It’s been a turbulent year for the hospitality industry, yet Michael Caines MBE is ploughing ahead with a series of exciting new projects. We sat down with the Michelin starred chef to find out about the lessons he learnt in lockdown
What did lockdown teach you?
Something like Coronavirus is incredible humbling: it gives you time to think about what matters.
In business, I’ve learnt that you need to continue to plan and look forward: while in lockdown we built new shepherds’ huts in the grounds of Lympstone Manor and made plans for a new pool and pool house. When we saw an opportunity to advance our position, we also acquired a new business [The Harbourside Refuge in Porthleven].
In my personal life, I’ve learned how fragile life is and how something like this can come along unexpectedly and change everything. For three months we enjoyed the simple things: I realised that walking on Dartmoor and being in nature is just as enjoyable as the busy life I lived before. I truly valued the time I was able to spend with my family and it made me appreciate what I have.
What do you think the future holds for the South West food and drink industry?
If you’d asked me this before the lockdown restrictions started to tighten again in September, I’d have said that we’re in a pretty strong position. Yet, there was always a caveat: we knew there was going to be a second spike.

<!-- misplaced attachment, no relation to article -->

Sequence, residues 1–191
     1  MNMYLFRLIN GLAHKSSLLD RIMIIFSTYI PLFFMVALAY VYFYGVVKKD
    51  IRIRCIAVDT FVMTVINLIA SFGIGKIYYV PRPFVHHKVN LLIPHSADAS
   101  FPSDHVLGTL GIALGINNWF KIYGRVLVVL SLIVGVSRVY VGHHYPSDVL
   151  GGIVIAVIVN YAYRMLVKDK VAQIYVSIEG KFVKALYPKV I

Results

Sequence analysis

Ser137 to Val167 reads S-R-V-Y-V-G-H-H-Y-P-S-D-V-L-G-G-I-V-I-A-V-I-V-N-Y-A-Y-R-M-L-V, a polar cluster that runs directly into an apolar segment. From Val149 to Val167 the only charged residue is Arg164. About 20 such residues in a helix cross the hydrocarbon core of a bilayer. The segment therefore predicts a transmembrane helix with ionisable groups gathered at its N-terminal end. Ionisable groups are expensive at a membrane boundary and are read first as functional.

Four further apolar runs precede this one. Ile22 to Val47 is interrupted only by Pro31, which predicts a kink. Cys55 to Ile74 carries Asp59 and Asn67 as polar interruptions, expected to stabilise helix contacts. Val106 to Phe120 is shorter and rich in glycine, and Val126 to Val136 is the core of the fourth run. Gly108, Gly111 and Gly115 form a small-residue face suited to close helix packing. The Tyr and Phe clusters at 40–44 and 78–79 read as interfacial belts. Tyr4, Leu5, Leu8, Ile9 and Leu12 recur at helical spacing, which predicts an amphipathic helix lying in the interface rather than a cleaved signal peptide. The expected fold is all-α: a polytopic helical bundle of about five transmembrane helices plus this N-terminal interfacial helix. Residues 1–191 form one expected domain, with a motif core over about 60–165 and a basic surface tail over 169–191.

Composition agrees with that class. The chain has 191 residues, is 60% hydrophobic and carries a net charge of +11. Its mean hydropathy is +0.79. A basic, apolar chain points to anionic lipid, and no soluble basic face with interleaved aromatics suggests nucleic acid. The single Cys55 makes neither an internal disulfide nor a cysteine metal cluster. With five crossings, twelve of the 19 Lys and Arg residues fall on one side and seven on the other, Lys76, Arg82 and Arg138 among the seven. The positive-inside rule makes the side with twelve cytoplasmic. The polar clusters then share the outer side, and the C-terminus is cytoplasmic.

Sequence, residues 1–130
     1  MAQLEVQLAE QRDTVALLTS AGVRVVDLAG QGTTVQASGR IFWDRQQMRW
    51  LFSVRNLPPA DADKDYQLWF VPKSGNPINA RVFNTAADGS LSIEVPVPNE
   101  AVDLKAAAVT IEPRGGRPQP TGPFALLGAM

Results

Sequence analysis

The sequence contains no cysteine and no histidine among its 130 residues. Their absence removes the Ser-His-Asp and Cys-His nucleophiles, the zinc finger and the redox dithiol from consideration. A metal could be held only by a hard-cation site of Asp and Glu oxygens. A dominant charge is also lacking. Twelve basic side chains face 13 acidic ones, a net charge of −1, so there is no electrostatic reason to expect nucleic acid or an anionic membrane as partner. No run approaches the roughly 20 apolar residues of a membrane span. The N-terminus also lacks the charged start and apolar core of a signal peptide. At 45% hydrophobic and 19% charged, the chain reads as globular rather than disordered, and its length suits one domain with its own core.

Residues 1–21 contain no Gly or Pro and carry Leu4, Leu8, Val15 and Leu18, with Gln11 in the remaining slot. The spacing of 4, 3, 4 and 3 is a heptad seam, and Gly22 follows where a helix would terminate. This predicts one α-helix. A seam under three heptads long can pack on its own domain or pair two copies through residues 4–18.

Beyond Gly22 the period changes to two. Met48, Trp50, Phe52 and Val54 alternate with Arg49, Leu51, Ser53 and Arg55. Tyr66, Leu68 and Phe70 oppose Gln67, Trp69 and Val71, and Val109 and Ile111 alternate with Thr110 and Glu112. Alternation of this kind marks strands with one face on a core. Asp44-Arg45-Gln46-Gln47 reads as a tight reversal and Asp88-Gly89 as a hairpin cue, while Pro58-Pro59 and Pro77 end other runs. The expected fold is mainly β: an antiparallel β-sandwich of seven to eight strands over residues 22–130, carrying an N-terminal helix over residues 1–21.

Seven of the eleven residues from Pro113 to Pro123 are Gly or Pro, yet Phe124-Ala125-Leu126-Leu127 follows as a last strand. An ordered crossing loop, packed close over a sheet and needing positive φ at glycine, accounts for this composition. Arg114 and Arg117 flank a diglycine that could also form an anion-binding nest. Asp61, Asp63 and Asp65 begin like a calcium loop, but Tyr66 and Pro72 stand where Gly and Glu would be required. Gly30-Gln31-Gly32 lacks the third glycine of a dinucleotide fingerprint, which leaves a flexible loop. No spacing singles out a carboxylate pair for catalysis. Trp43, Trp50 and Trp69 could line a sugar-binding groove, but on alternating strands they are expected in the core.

We’ve got to be optimistic however: with every downturn in life comes opportunity and I think if we support each other by buying locally and seasonally, we can sustain a good economic cycle of good will in our community. We also need to acknowledge that people are social beings so we should continue to focus on South West hospitality and provide quality restaurants.
Our fabric of wonderful food producers has been – and still is – under threat and, unless we see a fully recovered tourist industry, the local supply chain, farmers’ markets and food festivals simply won’t be there in the future. This winter is going to be difficult for everyone in the hospitality industry but, if we all do our best to make the measures work, we’ll hopefully come out the other side of it.
How will the 10pm curfew affect hospitality businesses?
I think it’s better that we have some curtailing of activity now so we can all survive through the winter rather than have a blanket closure. People need to understand why these measures have been brought in. Clearly there will be an impact on a number of hospitality businesses and we’ll be under pressure to ensure customers have left before 10pm. This will, in turn, encourage drinking at home and anti-social behaviour on the streets and we have already seen some of these realities playing out. I recognise this isn’t going to be an easy period going into the winter but, at the same time, it could be a lot worse.